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Back-To-Back Boo-boos

Our Quickie Blogger recalls the times she put her foot in her mouth--and tells us why it's better to just laugh at these moments.
Speaking of setbacks, what comes to mind next are boo-boos. You know, the kind that leave you dumbfounded and embarrassed beyond words (and if you say anything afterwards, it gets even worse).

I couldn't help but chuckle when I read Cosmo staffer Beam Mariano's post, "Keeping Things to Myself," wherein she talks about embarrassing herself at a recent shoot with a famous model. I could totally relate: I've had my share of mortifying moments, so many that I can't recall all of them.


To this day I'm still learning how to deal with boo-boos. I wish I could say that once you've had several, it's easier to get past any that follow. Unfortunately, each one is so unique, and you never know what to expect or how to make light of every situation. The best strategy, therefore, is to move on and have a good laugh, and hopefully develop the pulse to distinguish when to speak up and when to keep mum.

I'm more inclined to speak my mind and that's why I've managed to put my foot in my mouth many, many times. Here are some memorable ones. Brace yourself.

The Blind Date

When Cosmo started a blind date section years ago, then editor Myrza Sison asked me to participate in exchange for a fun night out with free dinner and dessert. I gladly obliged--I didn't mind meeting this new person (I was fresh out of a breakup) and was friends with the photographer who was going to follow us around on our date. The guy turned out to be nice, well-mannered, and cute. In the car, we exchanged info on our work, likes and dislikes, and so forth. I kept saying "I looove dessert. I love dessert so much that I gave up meat so I could eat more of it."

We had a great dinner, and when it was time to order dessert, he wanted to order an exotic coffee-based cake from the menu. But I insisted on something more homey and sweet: chocolate mousse. He agreed, so we had these lovely morsels served on a plate. Since we were stuffed, we couldn't finish the whole thing so I nudged him to bring it home, to which he politely declined. I kept urging, "Bring it home to your little sister, she'll love it. Here, let me call the waiter." So we bid each other adieu and off he went, clutching a small brown paperbag.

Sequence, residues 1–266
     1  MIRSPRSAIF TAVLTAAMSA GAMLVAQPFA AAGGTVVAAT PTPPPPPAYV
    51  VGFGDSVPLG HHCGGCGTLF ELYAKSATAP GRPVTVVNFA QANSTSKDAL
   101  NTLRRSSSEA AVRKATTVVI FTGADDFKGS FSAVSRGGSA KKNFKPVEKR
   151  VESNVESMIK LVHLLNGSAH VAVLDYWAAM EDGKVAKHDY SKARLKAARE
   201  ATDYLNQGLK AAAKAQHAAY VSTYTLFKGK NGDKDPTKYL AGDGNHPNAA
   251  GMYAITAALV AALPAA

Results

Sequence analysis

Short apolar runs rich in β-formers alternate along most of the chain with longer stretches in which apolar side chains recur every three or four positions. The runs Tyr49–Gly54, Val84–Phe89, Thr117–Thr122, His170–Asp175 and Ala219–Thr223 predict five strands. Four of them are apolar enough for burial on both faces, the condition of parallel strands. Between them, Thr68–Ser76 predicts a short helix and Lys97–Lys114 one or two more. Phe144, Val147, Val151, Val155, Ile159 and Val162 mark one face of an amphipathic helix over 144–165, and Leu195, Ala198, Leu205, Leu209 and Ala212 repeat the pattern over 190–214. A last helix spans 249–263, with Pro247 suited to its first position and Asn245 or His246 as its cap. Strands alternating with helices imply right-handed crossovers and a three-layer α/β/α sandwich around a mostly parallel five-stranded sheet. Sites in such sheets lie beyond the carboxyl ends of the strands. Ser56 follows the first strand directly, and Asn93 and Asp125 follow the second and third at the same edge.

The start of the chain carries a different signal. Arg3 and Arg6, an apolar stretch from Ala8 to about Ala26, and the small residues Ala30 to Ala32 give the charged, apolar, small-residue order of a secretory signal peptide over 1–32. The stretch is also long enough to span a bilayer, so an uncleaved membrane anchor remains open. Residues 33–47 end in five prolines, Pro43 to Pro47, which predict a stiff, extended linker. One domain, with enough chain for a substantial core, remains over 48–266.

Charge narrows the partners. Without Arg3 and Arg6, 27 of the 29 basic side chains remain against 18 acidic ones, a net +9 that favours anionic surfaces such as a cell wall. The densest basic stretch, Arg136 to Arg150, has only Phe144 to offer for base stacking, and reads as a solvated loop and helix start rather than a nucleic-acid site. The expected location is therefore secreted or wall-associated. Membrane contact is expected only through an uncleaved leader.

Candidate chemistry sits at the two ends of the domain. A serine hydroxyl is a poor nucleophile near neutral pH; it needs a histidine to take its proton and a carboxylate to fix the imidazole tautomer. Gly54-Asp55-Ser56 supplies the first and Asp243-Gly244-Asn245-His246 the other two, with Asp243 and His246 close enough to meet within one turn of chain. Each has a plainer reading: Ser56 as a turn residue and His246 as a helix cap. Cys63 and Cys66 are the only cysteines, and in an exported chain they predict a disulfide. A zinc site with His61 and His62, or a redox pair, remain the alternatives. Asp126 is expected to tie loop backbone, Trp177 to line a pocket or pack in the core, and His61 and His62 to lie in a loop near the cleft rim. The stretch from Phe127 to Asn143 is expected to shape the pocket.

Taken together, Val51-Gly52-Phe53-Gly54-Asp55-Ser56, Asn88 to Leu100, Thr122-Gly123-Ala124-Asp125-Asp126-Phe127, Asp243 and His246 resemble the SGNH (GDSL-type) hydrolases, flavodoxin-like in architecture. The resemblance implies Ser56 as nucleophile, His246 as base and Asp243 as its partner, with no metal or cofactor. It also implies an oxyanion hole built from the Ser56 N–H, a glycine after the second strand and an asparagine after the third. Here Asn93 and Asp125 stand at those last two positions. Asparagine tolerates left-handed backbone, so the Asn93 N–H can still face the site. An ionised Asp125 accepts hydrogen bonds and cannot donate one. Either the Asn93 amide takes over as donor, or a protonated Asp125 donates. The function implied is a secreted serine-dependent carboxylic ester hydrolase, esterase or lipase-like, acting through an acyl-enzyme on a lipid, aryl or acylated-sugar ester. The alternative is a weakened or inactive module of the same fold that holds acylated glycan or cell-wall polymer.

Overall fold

The next day at work, an editor friend asked how the date went. I said it went great, it was more of a shoot than a real blind date, but I had a nice time and dinner. And then she said:

"You know his family owns Red Ribbon, right?"

"What?! I kept going on and on and on about dessert! He must think I was nagpaparinig. What if he thinks I wanted gift checks or something?! Oh no...and the chocolate mousse! No wonder he didn't want to bring it home, he must be so sick of chocolate mousse, of all things!"

Resort Retort

I was in a big car with some new friends, who were more like gimik friends at the time so we weren't that close. One of them brought up the idea of going to the beach, and everyone agreed.

"Let's go to Bataan," the guy in the front seat suggested.

"In Montemar?" I asked.


"Oh! I don't want to go there," I said, and continued (in a single breath), "I've been there twice, for shoots. The first time was great, but the second time, the food wasn't that great and the service was bad."

Guess what? Front seat guy turned out to be one of the owners and shareholders of the resort. I think I ended up saying something polite and feeble and palpak like, "Oh, but um, I would still go back if it's with you guys..."

Now, imagine the same scenario, different setting, involving a person whose family produced Blu Skies crackers. And this is what I said before finding out the former:

"Oh, you shouldn't eat Blu Skies crackers. My friend says they contain marine fat, like animal lard, and it's BAD for you."


When I was a teenager, my cousins and I lived in the same house (with their parents) and we were like siblings. My cousin, Jacque--who was more like a big sister--was particularly gorgeous and always had suitors. Her little brother and I benefitted from the gifts her admirers would send over. One evening, as she was getting ready, I was in the dining room eating Otap [a flaky sugary biscuit like Elephant Ears] while waiting for all of us to go out to dinner. Her suitor was also waiting downstairs. While making small talk and munching--obviously enjoying every bite--I exclaimed:

"Oh! You MUST try these! They're Otap from Cebu, they're YUMMY! They're different from regular Otap. Here, try them."

I think you all know the conclusion to this story.

Mariel Chua is the former beauty editor of Cosmopolitan Magazine Philippines. Visit her personal blog at
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